Wednesday, August 13, 2014
Rain fell over the Little Bridge Creek, Upper Falls and Carlton Complex fires last night. Scattered thunderstorms, along with possible gusty erratic winds and heavy rainfall, are predicted through Thursday. The rain has brought cooler temperatures that will moderate fire behavior for a few days until it begins to warm up and dry out this weekend.
Approximately 70 area residents attended a community meeting in Twisp last night. Incident Commander (IC) Beth Lund and members of her staff provided an update on the status of the fires and answered questions from concerned citizens. “We are here to build off the successes of the previous teams. We look forward to serving the community,” said IC Lund.
The Little Bridge Creek Fire is 14% contained. The fire, likely caused by lightning, started August 2, on National Forest lands, 10 miles west of Winthrop. Infrared data shows the fire is approximately 4,129 acres. It is located between Canyon Creek and Little Bridge Creek. Rain and cooler weather will help buy firefighters time to contain a small area of fire that has crossed over Thompson Ridge on the north end of the fire. The objective is to keep fire south of Thompson Ridge, out of the Wolf Creek drainage. Construction of indirect line between the fire and infrastructure continues. Structural firefighters continue to assess and prepare for structural protection efforts, should they be needed. There are 690 personnel assigned to this fire. This includes two hot shot crews, two type 2 crews, two initial attack crews, 25 engines, 5 dozers, and 17 water tenders. More information is at inciweb.nwcg.gov/incident/4051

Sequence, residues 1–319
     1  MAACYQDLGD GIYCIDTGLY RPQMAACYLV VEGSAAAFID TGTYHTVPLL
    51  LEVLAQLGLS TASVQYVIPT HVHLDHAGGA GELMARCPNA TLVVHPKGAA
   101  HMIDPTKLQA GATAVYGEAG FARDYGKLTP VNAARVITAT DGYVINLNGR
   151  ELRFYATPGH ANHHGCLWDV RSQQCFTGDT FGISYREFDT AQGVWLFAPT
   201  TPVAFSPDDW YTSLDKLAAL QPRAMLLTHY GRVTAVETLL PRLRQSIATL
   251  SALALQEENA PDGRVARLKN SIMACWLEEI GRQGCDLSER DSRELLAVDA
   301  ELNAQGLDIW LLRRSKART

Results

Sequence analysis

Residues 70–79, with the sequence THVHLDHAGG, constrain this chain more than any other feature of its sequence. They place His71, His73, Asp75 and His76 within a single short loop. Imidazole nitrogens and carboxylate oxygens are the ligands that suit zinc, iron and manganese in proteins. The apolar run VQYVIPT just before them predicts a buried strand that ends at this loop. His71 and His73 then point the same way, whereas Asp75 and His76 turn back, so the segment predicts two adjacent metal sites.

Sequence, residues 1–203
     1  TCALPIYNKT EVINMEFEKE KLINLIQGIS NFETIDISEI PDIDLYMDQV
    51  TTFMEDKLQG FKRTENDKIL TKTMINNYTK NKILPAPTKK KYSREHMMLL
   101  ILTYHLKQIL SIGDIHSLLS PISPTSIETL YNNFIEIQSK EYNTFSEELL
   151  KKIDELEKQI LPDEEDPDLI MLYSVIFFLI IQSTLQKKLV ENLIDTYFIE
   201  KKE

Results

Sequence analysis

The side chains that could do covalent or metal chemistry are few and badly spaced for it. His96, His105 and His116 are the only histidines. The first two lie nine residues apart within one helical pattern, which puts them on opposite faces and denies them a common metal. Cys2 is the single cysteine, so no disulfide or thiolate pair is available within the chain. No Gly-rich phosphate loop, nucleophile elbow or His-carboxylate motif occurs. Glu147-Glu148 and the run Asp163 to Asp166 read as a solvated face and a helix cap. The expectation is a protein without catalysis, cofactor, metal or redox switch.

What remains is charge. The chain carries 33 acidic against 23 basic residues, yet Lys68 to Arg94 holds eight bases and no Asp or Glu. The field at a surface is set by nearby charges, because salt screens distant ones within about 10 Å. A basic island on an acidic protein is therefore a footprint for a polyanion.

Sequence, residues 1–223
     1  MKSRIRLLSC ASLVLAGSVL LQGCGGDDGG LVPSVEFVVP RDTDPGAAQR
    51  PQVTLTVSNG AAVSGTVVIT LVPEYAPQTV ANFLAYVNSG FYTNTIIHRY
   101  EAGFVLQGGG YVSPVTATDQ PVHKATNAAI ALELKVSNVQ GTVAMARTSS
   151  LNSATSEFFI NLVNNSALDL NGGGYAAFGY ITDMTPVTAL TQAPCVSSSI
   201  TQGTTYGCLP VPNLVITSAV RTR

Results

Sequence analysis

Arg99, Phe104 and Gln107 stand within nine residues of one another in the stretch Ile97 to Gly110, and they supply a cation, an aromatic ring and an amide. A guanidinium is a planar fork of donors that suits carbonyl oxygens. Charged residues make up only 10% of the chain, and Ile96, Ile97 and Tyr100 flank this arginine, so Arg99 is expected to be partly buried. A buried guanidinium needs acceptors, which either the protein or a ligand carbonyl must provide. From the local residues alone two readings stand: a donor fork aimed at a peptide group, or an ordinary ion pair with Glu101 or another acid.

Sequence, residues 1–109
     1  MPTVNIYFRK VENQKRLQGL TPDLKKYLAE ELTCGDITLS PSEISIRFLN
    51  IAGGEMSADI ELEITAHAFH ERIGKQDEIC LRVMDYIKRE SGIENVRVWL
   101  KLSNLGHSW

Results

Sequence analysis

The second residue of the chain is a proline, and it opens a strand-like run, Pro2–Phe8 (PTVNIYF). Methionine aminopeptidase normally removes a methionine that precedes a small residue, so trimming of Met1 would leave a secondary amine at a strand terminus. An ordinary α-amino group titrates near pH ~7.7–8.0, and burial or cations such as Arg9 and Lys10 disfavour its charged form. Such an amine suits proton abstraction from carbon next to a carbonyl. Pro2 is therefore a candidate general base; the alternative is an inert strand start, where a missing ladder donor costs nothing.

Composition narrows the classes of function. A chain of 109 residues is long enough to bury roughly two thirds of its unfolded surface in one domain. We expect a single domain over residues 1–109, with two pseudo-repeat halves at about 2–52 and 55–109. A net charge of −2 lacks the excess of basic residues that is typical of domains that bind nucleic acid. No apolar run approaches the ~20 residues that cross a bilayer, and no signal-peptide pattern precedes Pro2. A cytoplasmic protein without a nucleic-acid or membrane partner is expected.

The Upper Falls Fire, located 17 miles north of Winthrop, is 8,047 acres. Last night’s rain will help firefighters gain ground on a challenging area on the southwest side of the fire. The fire is backing down toward Eight Mile Road. Firefighters are continuing to hold the fire along the southern portion of Falls Creek Road and they are improving indirect lines south of Alex Creek. Specialized equipment has been brought in to mitigate many standing dead trees in this area that pose a hazard to our fire crews. The fire is moving gradually north toward the Pasaytan Wilderness and east toward the Farewell and Tripod fire scars. Firefighters are patrolling the fire perimeter at night to watch for hot spots that may flare up. There are 173 personnel assigned to the fire. This includes two hot shot crews, four Type 2 crews, 16 engines, 4 dozers and two water tenders. inciweb.nwcg.gov/incident/9060
The Carlton Fire is in patrol and mop up. The 256,108-acre Carlton Fire will continue to smoke and flare in the interior. Suppression repair work is ongoing, which includes: chipping vegetation along roads, installing water bars to minimize erosion, and covering hand and dozer lines. Firefighters are also patrolling the fire perimeter at night looking for hot spots. There are 1,045 personnel assigned to the Carlton Complex wildfire. This includes one hot shot crew, 9 Type 2 crews, 5 dozers, and 17 water tenders. inciweb.nwcg.gov/incident/3967
Total personnel working on the three fires are 1,908. Air resources being shared by all three fires include: two Type 1 helicopters, 3 Type 2 helicopters and four Type 3 helicopters.
No structures or infrastructure are immediately threatened. No Level 2 or Level 3 evacuation notices exist for these fires. Level 1 notification remains in place for the Pine Forest and Sun Mountain areas, East and West Chewuch Road from the bridge north to Boulder Creek and for Twisp River Road above Elbow Coulee.
Information Officers will again be in the Twisp and Winthrop area today to provide information about the Little Bridge Creek, Carlton Complex, and Upper Falls Fires. For the latest information on smoke and air quality go to: http://wasmoke.blogspot.com.
Email Address:HYPERLINK “mailto:email@example.com”firstname.lastname@example.org
Facebook:Great Basin National Incident Management Team 1